Realizing A Dream On The Lost Coast – Part Four

For the third day in a row, I was awakened from a dreamless slumber to the sound of rain tapping out a consistent rhythm on the cuben fiber above my head.

Editors Note: We continue with Part Four of Realizing A Dream On The Lost Coast. -Kid

Click here to read Part One

Click here to read Part Two

Click here to read Part Three

Crux No. 4: The High Tide

For the third day in a row, I was awakened from a dreamless slumber to the sound of rain tapping out a consistent rhythm on the cuben fiber above my head. The weather gods were letting us have it, as they have for virtually every adventurer who attempted this lonely coast. I lay in my damp sleeping bag watching droplets of water form on a crease above my head before the pull of gravity was too much, and the bubble of moisture free fell onto the camera bag lying next to me. I was unmotivated to leave our present confines. I knew what was out there and by the sounds of things, there was no indication that the conditions had improved. If anything, they sounded worse. 

After the last couple days of relentless soft riding, my knees were both swollen and tight. My hands were sore from numerous encounters with the devious spines of Devil’s Club—a nasty shrub that is common in the moist climates of Alaska and the Pacific Northwest. The previous day had ended with another last ditch attempt to find Skurka’s elusive road. After what turned into a three-hour bushwhack odyssey involving massive stands of the “club” and treacherously slick, moss covered logs, we retreated to the beach demoralized and battered by defeat.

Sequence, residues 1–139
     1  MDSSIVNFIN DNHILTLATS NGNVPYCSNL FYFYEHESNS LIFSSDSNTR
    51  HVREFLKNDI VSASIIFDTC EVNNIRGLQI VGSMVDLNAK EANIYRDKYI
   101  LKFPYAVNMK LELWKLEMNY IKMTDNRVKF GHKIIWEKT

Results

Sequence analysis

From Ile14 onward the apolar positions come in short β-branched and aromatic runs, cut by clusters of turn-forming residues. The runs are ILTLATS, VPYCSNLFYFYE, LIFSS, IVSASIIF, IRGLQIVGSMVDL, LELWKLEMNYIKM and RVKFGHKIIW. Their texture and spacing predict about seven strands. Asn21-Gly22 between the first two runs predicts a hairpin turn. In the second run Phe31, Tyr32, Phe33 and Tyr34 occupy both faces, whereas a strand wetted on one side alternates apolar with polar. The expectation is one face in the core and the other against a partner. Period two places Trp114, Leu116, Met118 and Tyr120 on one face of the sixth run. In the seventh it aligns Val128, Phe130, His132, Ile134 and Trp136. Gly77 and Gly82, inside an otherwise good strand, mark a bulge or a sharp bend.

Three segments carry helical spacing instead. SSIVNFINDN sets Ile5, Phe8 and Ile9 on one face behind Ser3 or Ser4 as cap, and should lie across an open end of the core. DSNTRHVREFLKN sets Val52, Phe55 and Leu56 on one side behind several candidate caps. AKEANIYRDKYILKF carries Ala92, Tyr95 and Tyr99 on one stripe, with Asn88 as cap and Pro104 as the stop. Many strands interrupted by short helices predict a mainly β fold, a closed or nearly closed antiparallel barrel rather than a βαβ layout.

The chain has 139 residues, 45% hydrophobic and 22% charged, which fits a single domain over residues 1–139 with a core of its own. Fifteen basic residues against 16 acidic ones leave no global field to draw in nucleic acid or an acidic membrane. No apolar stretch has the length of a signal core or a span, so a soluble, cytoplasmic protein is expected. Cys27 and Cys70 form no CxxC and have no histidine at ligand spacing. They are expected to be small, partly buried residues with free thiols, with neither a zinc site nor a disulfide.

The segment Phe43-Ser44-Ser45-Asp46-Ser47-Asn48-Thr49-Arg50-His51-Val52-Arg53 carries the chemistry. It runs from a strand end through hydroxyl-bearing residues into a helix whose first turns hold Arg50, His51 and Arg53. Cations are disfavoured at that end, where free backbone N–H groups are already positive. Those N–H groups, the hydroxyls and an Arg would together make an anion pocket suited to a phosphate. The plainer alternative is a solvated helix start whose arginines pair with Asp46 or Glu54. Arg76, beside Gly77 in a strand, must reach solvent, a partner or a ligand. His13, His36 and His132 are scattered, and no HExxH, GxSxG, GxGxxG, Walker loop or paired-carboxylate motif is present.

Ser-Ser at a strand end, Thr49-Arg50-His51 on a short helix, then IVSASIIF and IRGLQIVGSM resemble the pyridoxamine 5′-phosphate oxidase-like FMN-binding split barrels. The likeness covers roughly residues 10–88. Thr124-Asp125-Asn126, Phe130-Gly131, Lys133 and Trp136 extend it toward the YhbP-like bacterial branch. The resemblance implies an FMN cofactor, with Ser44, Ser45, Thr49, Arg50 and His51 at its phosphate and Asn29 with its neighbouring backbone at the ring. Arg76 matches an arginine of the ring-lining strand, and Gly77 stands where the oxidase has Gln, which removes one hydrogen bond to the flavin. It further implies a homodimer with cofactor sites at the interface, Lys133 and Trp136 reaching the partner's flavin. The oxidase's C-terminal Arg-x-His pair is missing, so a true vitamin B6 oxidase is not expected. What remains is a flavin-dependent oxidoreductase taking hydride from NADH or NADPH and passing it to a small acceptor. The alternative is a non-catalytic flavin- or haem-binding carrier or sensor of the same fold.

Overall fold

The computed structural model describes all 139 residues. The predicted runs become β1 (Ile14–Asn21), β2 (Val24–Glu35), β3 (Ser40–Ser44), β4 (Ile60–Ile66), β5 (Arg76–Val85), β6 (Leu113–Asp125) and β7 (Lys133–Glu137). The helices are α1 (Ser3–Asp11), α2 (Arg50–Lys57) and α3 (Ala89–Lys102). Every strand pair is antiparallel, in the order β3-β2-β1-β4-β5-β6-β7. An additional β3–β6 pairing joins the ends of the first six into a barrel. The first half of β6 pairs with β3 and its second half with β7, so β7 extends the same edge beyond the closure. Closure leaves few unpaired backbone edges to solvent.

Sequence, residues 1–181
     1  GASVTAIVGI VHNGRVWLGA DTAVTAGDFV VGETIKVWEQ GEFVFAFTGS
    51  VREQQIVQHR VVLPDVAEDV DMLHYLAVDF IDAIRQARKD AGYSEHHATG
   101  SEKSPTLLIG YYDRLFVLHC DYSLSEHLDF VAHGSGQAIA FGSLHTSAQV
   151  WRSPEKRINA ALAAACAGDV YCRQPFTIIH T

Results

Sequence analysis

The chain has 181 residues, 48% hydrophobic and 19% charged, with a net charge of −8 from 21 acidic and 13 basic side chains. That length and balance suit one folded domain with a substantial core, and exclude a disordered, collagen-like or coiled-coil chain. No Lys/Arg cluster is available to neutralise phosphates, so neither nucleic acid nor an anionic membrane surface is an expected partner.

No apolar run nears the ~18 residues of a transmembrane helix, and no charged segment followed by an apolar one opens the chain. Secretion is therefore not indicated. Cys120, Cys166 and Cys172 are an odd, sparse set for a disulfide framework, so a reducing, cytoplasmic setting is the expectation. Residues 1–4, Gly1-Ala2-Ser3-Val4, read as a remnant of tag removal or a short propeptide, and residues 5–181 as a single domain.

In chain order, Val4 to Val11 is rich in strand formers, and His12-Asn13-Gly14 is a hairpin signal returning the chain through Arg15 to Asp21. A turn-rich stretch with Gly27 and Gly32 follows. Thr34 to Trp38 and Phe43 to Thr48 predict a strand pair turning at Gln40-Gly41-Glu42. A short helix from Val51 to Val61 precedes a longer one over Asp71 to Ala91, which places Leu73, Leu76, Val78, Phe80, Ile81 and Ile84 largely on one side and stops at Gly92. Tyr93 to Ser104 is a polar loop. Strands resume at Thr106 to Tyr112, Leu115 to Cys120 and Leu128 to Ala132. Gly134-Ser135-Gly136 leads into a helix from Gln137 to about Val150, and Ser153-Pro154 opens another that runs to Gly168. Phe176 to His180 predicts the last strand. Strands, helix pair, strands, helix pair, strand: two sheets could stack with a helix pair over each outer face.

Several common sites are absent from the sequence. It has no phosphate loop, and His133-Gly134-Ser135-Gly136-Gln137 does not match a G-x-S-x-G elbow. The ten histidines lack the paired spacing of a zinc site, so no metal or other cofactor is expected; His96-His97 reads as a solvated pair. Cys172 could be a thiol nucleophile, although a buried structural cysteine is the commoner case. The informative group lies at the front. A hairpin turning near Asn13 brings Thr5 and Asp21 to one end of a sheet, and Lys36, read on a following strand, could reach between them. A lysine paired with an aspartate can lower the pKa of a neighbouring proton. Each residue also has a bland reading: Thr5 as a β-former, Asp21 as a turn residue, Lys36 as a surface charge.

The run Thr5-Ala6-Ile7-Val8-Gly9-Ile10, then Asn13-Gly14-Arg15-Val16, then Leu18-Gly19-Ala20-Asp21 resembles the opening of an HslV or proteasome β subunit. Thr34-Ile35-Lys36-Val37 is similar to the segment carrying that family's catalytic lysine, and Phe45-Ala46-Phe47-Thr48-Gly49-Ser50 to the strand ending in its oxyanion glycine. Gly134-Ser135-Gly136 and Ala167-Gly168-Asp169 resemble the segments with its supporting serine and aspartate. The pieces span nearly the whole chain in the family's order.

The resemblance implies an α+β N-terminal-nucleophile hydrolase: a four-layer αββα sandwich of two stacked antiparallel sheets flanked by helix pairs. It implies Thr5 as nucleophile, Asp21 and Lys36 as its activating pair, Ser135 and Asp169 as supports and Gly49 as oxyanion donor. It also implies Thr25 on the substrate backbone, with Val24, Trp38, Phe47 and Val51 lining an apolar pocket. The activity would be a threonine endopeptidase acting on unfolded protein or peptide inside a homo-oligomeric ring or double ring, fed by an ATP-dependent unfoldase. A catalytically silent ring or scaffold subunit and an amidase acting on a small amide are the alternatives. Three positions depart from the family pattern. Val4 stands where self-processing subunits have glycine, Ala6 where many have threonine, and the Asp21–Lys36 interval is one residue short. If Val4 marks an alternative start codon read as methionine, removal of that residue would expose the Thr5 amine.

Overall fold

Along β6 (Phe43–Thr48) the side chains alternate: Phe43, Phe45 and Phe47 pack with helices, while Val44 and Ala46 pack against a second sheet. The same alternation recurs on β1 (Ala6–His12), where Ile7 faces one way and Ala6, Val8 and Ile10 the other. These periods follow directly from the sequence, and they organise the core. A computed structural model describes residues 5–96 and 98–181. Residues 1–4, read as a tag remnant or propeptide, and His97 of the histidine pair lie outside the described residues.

This picture says it all...

Rolling over, I found Doom and Bailey to be in similar moods and physical states. We each laid there listening to the torrent outside—wanting ever so desperately for a reprieve from the deluge. Seeking to delay the inevitable for as long as possible, we slowly made and consumed our usual breakfast of oatmeal and dried fruit. Next to us, we could hear Mike and Roman moving around in their floorless mid. They were packing up. I guess it was time to move.

The crew taking a breather from the soft sand...

As anyone who has spent time in the backcountry knows, packing up in the rain is no easy feat. Why leave a warm sleeping bag and immediately get cold and wet? Why up the suffering? In our case, we had to. Our time to finish the route was quickly diminishing. In less than a week, we had a plane to catch in Yakutat with a red-eye connection back to Colorado. We couldn’t afford to stay warm and dry in our current location. We had to move.

Making our way to the staging ground for crossing the White River...

With dry suits and rain jackets on, we broke down camp, crossed the White River via our packrafts, and continued riding the energy sucking sand. Riding in a pace line, we willed ourselves forward with the lead rider breaking the gale and creating a track in the sand. Those behind tucked in and enjoyed the newly created track of compacted sand. My morning became a blur of watching the rear tire of the rider in front of me. Progress was made.

Travelling in a pace line became the most efficient way to move...